What we write to themail is all about how we live in the city. If we
concentrate on the government or large institutions like WMATA and WASA,
as we often do, it’s because they have a direct impact on our daily
lives, and it’s by our comparing notes on what they’re doing to us
and our communities that we can gauge whether they’re working well or
in our interests.
But it’s really all about us, and how we’re faring here. So I
have an open-ended question for you: how are you doing? Let us know,
because, believe me, we’re interested.
That tiny, single-engined Cessna 150 that got about a mile from the
Capitol Building last week, piloted by two novice pilots, was traveling
at about one hundred miles per hour. Just think if that were a small
business aircraft like a Learjet, not much bigger than the 150 but with
a top speed of almost six hundred miles per hour. Just how close do you
think a Learjet could get to any place in the city, especially if more
than one of them came at the same time? Maybe that DC police person
stationed at the Homeland Security Office will not be out to lunch when
the next scare comes. And, just maybe, the telephone line between the DC
Emergency Preparedness Office and Homeland Security will actually be
monitored. This has been quite a learning experience, and shows how
little prepared the District really is to respond to any real emergency.
Impressions of a Returning Daughter of DC
Star Lawrence, email@example.com
I left DC nine years ago for the sands of Arizona to get my daughter
into a different junior high (which didn’t work out too well) and to
take care of my mother (which is a sad task but working out better). I
pined for DC, my babies. Did I make the right choice, do I miss smart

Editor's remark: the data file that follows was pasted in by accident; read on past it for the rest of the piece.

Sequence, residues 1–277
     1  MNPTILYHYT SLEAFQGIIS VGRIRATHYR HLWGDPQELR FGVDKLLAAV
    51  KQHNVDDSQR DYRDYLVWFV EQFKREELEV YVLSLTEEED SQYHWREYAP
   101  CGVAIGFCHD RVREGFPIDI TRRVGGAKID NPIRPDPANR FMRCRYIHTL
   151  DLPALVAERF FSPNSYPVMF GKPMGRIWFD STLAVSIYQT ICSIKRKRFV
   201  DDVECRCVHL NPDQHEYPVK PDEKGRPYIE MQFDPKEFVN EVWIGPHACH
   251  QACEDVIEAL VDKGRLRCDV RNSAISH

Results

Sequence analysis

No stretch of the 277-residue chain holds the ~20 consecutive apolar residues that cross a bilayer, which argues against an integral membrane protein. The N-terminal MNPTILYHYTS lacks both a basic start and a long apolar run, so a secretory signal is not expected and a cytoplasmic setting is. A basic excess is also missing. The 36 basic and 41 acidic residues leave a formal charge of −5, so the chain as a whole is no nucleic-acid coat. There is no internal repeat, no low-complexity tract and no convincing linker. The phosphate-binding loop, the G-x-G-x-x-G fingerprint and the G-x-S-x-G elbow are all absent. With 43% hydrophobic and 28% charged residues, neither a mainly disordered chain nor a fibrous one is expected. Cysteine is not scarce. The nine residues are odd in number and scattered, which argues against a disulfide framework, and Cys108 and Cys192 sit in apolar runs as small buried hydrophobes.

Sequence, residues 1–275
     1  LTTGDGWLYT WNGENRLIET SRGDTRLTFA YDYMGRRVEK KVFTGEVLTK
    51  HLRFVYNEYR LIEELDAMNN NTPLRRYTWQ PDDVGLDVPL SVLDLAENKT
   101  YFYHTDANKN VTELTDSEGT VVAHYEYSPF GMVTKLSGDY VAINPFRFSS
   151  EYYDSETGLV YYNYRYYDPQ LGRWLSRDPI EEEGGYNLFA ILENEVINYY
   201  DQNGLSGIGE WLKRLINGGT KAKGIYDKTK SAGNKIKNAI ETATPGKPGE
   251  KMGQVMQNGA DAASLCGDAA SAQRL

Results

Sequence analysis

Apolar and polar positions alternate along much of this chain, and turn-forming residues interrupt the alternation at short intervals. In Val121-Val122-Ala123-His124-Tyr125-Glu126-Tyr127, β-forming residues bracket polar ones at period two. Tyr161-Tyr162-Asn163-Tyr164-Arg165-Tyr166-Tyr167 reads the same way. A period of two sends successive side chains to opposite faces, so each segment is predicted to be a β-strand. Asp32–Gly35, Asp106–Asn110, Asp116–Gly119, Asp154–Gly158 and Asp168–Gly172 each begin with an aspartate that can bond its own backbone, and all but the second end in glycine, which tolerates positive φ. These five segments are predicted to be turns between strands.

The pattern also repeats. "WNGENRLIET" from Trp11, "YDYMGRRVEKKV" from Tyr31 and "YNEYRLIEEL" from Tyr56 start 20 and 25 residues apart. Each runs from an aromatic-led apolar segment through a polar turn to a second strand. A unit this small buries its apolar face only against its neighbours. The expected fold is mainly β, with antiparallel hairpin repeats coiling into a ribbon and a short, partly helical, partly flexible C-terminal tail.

people, whine, whine? Well, I came back last weekend for the first time
in four years and found a certain peace for the first time. My old
building on Connecticut was frozen in amber, same unpainted spackling on
the walls, same linoleum-covered elevator walls, same smells. I realized
I could still be there doing the same things, but now I have two cities!
I have a nice house here, koi pond; I am almost a Druid trying to make
trees stay alive (omigod, people, hug those trees you have everyday!). I
miss my friends, but I don’t miss the disturbed, glowering street
people too much. Some storefronts on Connecticut by the Mayflower were
vacant -- what is that?
Please don’t get defensive and think I am bashing DC. I love DC; I
had a life there, but just know that I am a little relieved that after a
decade I no longer feel like the city is a puzzle with one piece missing
and I need to be slotted back in. Most of my friends don’t live
downtown. If I came back, I probably wouldn’t see them more than I do
And Once Again Our Town Is Dead Last
Phil Shapiro, firstname.lastname@example.org
The Dallas Morning News is the latest to launch a citizen
media site and weekly publication, called Neighbors, in which readers